This chronic inflammation is the suspected link between leaky gut syndrome and more far-reaching conditions, practitioners say. When inflammation flares up in the gut, the immune system fights back to stomp out the flames. Eventually the body’s defense system may blow a fuse and start attacking healthy tissue. The result can be autoimmune diseases such as fibromyalgia, chronic fatigue syndrome, and rheumatoid arthritis. As for leaky gut’s connection to autism and ADHD, it’s possible that some of the toxins absorbed into the bloodstream may aggravate behavioral and developmental problems.
The logical assumption, then, is that treating a leaky gut can be the key to improving these conditions. That was the case for Karina, a 41-year-old psychologist in Melbourne, Australia, who has battled what she now knows to be leaky gut syndrome off and on for ten years. What began as stomach cramps and severe diarrhea escalated over the years into fibromyalgia, joint pain, and chronic fatigue syndrome. She made the rounds of doctors and specialists, only to be told that her symptoms were all “in her mind,” that she was clinically depressed, or that they had no idea what was wrong.
At her worst, Karina (who doesn’t want her last name used) barely had the strength to go to the grocery store; she had to lean heavily on a cart just to make it down the aisles. “I was so weak I felt as though I’d collapse,” she says. “I was convinced I was going to die.”
One day while researching her symptoms online, Karina found a site about leaky gut syndrome. Reading the stories of other patients was like seeing her reflection in the mirror for the first time. She went to a doctor and asked to be tested for the syndrome. The result was positive.
When she took the results to the gastroenterologists who’d been treating her, though, they weren’t inclined to take it seriously.
Luckily, Karina found a team of integrative physicians who gave her, among other things, anti-inflammatory and antifungal herbs along with large doses of probiotics to restore the natural flora in her gut. Now, four months later, her leaky gut symptoms are gone and the fibro-myalgia is receding, too.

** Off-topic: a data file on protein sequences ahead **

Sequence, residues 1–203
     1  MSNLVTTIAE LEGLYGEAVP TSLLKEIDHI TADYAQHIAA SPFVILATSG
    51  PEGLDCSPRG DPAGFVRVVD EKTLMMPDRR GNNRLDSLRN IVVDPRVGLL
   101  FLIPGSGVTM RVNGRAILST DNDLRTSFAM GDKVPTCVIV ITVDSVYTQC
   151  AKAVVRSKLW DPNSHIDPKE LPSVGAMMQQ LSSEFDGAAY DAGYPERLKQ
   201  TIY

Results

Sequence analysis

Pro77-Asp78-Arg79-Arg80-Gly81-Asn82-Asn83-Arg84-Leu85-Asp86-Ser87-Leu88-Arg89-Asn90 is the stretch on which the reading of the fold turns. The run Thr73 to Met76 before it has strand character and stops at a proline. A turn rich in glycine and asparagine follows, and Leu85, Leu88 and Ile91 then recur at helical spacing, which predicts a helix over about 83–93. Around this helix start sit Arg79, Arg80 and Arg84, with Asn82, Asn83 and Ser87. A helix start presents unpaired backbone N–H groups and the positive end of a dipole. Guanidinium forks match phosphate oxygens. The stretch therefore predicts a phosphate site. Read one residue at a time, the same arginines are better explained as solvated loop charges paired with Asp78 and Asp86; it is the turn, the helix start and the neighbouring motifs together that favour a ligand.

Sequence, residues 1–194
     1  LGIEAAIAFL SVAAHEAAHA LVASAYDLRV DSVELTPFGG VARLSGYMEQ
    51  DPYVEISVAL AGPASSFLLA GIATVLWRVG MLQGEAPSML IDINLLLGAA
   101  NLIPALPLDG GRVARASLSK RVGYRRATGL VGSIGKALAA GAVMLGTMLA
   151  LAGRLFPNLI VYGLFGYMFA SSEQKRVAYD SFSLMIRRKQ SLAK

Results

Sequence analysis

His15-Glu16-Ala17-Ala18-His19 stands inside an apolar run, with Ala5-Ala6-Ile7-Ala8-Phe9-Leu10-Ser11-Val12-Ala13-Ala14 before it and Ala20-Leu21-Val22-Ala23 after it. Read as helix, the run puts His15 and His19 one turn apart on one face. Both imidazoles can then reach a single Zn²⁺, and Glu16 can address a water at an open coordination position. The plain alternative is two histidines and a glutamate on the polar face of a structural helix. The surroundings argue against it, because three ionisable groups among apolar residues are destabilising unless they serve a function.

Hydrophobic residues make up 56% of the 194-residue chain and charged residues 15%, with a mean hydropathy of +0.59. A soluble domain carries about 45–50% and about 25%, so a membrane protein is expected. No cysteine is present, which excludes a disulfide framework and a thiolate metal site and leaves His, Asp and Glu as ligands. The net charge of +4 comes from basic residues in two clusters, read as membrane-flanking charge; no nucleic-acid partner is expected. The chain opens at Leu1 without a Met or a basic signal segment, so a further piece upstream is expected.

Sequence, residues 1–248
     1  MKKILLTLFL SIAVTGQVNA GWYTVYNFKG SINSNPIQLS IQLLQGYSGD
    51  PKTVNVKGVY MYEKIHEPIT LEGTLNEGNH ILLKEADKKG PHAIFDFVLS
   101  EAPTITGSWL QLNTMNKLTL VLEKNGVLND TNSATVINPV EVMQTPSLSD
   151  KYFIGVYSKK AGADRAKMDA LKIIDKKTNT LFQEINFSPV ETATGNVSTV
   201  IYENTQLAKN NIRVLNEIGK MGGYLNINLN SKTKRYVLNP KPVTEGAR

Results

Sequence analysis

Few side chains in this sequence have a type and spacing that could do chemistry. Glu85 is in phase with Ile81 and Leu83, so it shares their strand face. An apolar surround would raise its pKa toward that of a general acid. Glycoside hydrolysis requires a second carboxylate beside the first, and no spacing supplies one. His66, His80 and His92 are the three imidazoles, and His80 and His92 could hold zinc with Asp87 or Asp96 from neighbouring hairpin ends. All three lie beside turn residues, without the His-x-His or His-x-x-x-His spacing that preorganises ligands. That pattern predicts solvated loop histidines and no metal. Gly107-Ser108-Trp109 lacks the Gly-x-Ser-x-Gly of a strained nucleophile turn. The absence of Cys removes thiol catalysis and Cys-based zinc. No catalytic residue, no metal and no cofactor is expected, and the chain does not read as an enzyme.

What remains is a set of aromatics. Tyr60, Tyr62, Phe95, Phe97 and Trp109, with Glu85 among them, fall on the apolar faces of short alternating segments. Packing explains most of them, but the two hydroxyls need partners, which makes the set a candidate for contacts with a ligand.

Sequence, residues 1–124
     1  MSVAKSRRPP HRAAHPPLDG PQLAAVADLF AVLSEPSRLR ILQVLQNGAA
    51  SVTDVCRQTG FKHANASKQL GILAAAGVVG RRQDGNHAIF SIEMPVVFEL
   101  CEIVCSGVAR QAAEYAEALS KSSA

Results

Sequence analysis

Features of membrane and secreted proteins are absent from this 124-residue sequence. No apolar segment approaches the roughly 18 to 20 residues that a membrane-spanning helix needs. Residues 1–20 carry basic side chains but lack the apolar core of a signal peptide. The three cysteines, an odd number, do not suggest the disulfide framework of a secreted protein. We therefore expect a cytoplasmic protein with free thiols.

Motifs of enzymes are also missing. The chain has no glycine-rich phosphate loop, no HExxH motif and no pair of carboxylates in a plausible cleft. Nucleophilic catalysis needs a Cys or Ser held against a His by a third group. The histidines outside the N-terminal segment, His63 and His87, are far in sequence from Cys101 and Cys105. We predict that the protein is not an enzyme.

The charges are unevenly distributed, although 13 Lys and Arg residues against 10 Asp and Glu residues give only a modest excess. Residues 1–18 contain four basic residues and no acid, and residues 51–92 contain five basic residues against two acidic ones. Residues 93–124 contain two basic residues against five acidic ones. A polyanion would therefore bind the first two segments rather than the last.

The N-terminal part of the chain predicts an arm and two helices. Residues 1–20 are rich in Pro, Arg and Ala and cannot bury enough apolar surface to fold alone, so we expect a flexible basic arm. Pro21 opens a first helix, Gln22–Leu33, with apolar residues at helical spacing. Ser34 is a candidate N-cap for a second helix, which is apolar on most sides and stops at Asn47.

“Leaky gut syndrome underlies many chronic health problems, but you won’t find it unless you’re looking for it,” says Elizabeth Lipski, a nutrition expert in Asheville, North Carolina, and author of Digestive Wellness. “And most physicians aren’t looking.”
Indeed, Western physicians rarely use the diagnostic test that finally pinpointed the source of Karina’s problems. “There have been dozens of scientific publications validating this test,” says Leo Galland, an integrative physician and director of the Foundation for Integrated Medicine in Manhattan, “and still mainstream doctors don’t know about it and don’t use it.”
In the conventional medical community, there’s skepticism about whether leaky gut really amounts to a syndrome at all. Jack Di Palma, vice president of the American College of Gastroenterology and a medical professor at the University of South Alabama, in Mobile, thinks it may turn out to be related to certain stomach problems. But, he says, “I am not convinced that a definable syndrome has been described.”